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  19. Wow - what an incredibly beautiful place. Great shots by your sister.

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  20. Oh ja, es hat mir gefallen und mich auch sehr beeindruckt. Da bekommt man sofort Lust die Koffer zu packen.

    Liebe Grüsse

    N☼va

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    1. Das stimmt. Reisen erweitert die Horizonte.

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  21. Hallöchen Mersad...

    sehr geniale Aufnahmen !! Wie ich sehe hat sich während meiner "Auszeit" nichts verändert...Auf diesem Blog werden nach wie vor super Fotos präsentiert.

    Da bin ich gerne wieder dabei :)

    LG

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    1. Danke fürs vorbeischauen Timur. Du hast eingies zu Erkunden hier, viel ist in der zwischenzeit passiert. Liebe Grüße :D

      Mersad
      Mersad Donko Photography

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  22. Fantastic! Nice post ! Have a nice day !
    Cath

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  23. A feast for the eyes in so many ways.

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  24. Amazingly beautiful structures. My compliments to your sister. Love the ceramic tiles on the ceiling. So beautiful. I love getting glimpses of other cultures. Thanks Mersad.

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  25. Thanks for sharing Istanbul with us (the bloggers in our sphere). Wonderful series!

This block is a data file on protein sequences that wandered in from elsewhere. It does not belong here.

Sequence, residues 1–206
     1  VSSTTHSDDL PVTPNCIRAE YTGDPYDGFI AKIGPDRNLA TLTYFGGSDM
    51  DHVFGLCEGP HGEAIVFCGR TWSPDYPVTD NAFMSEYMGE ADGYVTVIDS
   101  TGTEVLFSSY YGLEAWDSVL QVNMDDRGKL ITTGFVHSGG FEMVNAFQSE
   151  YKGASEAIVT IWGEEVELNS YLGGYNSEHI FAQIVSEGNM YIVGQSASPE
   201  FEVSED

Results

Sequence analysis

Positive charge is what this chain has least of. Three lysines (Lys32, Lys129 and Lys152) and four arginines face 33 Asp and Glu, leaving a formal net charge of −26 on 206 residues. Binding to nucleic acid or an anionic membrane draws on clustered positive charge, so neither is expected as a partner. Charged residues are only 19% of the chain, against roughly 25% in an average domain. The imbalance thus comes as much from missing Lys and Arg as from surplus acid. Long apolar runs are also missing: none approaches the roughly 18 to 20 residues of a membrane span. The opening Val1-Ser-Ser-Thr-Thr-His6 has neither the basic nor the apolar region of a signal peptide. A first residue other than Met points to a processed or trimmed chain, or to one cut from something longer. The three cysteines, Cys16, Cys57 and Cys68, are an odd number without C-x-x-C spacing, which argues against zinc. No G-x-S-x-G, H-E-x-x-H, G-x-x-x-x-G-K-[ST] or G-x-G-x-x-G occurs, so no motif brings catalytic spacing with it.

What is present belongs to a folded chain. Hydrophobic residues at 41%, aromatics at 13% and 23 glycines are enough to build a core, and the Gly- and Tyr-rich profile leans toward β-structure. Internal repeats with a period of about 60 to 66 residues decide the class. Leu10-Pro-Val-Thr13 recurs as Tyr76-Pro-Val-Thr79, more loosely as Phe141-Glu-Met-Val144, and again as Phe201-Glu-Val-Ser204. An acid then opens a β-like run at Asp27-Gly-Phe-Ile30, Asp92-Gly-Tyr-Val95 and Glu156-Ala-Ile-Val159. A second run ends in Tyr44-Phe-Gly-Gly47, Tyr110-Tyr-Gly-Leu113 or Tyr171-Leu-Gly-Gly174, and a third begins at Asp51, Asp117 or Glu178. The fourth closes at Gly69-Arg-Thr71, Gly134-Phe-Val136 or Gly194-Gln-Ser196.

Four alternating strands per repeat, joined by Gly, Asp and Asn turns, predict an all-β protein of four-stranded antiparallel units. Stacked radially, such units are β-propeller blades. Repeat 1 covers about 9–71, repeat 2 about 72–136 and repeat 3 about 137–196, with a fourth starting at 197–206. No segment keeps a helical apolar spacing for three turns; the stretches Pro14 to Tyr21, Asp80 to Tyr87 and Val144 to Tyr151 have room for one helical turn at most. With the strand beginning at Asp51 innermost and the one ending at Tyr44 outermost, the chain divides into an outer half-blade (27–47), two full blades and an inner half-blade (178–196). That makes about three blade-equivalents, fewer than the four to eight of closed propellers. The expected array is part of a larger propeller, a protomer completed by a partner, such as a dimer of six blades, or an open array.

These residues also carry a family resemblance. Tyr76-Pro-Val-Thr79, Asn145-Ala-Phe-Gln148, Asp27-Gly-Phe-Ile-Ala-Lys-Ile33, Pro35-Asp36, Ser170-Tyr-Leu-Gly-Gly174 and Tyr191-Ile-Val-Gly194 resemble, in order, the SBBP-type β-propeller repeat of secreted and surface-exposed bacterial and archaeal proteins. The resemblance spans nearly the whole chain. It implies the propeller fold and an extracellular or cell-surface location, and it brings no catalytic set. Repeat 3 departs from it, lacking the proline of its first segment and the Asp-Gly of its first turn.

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  26. Incredibly stunning architecture Mersad, they really knew how to make an impression way back then.. I can't imagine them building anything quite so ornate these days which is a real pity. Beautifully shown here as always.

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  27. Wonderful photos! Istanbul is one of my favorite cities - it's nice to visit once again via these photos!

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  28. Truly beautiful photos and what an UNDERTAKING it must be to travel there.

    Leslie
    abcw team

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  29. What a great tour, I love the beautiful architecture. The market looks like a fun and colorful place to visit.. Great photos, thanks for taking me along..

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  30. My goodness, that building in GORGEOUS!
    ROG, ABCW

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  31. It saddened me that i've been only to the Istanbul Airport on my way to Antalya. How i wish to visit again. The photos are beautiful as always showing the most unique angles and details. And your sister is very beautiful....Andrea

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  32. I've heard of the Hagia Sophia. It's just beautiful! Just an amazing place to visit, I am sure!

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  33. Having lived in W-Eur. and now the USA, this is a whole different world altogether, although the splendor of the Blue Mosque somehow reminds me of the Vatican City (just don't tell them, lol). Seeing what they sell at the grand Bazaar jewelry and clothes extends across religions. Nice your sister could join you!

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  34. Wow! Your photos make me feel as if I'm actually in Istanbul. This is an awesome series - I'm loving it! Turkey is at the top of my travel bucket list. I really want to see Istanbul, Konya, and Antalya. :)

    -Raza from www.thetravelixir.com